Part of the difference comes from the effort — clause 2 above — to extend the AUMF to those associated forces. This was meant to cover groups like AQAP and al-Shabaab, but as we’ll see, it’s one source of the problem with the law.

But part of the problem is that the NDAA language smartly took out the “he determines” and “in order to prevent any future acts of international terrorism” language. The former has long been a giant loophole, allowing the President to define in secret whom we’re at war against. And I increasingly suspect the Administration has been using the latter language to expand the concept of imminent threat.

In other words, in an effort to parrot back its understanding of whom we’re at war against, Congress both introduced some new fuzzy language — associated forces — and took out existing loopholes — the “he determines” and “prevent any future acts.”

Continue reading

Emptywheel Twitterverse
bmaz @Popehat @adamsteinbaugh I maybe knew that, but that isn't me. Just looking for some creative ways to defend. Hell, theyve to be out there!
10mreplyretweetfavorite
bmaz @Popehat @adamsteinbaugh You laugh, but this is a very nice teacher trying to help students, and neither she nor her dog did anything wrong.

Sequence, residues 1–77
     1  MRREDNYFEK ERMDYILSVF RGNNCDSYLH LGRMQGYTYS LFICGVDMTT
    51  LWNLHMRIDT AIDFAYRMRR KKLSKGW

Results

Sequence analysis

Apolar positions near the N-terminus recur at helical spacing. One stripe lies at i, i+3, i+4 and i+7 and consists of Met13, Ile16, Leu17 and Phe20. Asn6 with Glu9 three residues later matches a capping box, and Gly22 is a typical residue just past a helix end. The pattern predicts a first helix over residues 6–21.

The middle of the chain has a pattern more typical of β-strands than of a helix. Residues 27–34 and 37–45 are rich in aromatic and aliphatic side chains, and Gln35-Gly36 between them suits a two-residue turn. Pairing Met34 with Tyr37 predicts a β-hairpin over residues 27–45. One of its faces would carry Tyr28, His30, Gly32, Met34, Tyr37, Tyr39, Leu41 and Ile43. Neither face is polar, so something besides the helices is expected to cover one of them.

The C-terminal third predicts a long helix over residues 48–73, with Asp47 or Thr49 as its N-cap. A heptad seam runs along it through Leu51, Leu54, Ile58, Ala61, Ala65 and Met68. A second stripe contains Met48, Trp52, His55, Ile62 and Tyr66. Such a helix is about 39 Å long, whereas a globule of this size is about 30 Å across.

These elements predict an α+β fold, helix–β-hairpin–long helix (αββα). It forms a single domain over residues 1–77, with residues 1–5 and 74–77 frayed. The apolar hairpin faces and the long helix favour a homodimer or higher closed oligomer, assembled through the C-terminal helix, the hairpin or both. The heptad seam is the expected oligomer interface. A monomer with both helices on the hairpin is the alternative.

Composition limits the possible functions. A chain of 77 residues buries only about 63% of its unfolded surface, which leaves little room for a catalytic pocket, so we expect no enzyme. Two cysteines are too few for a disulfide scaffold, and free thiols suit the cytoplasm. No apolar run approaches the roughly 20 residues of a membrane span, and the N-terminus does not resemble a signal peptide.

12mreplyretweetfavorite
bmaz @adamsteinbaugh No duty to not have dog there, in fact was approved program by the school over years that won awards.
14mreplyretweetfavorite
bmaz @nigelduara Pats fan. After Packers and Cardinals, of course!
14mreplyretweetfavorite
bmaz @adamsteinbaugh ...the teacher/owner of the dog because the kid stumbled over it and fell. I think this is horseshit, but need some help.
18mreplyretweetfavorite
bmaz @adamsteinbaugh No, kid was pretty much, by his own admission, running w/o looking+stumbled+fell over innocent dog. Parents fucking sue...
19mreplyretweetfavorite
bmaz @adamsteinbaugh Now she is being sued by the parents of some kid who negligently stumbled over the dog+hurt wrist in an enclosed playground.
20mreplyretweetfavorite
bmaz Owner is teacher who brought dog to school to help struggling kids have something to read to. Won awards over years. https://t.co/jJqaKw42y6
22mreplyretweetfavorite
bmaz Owner is award winning teacher, and incident happened on school grounds in enclosed area (i.e. not at large) https://t.co/BN1escm4R6
29mreplyretweetfavorite
bmaz Okay Legal Hive Mind: Need help as to defenses for innocent dog (and owner) tripped over in enclosed area by negligent kid w/greedy parents.
30mreplyretweetfavorite
bmaz Rex Ryan-shaped corn maze is pretty magical http://t.co/7F2aggRRqK or why the arrogant Jets+lowly Fish should shut up about winningAFCEast
47mreplyretweetfavorite
JimWhiteGNV RT @NickKristof: My column on our nutty, sex-crazed Congress: Read and weep http://t.co/hvjXZwStEX http://t.co/8PeQlimvXD
1hreplyretweetfavorite
August 2015
S M T W T F S
« Jul    
 1
2345678
9101112131415
16171819202122
23242526272829
3031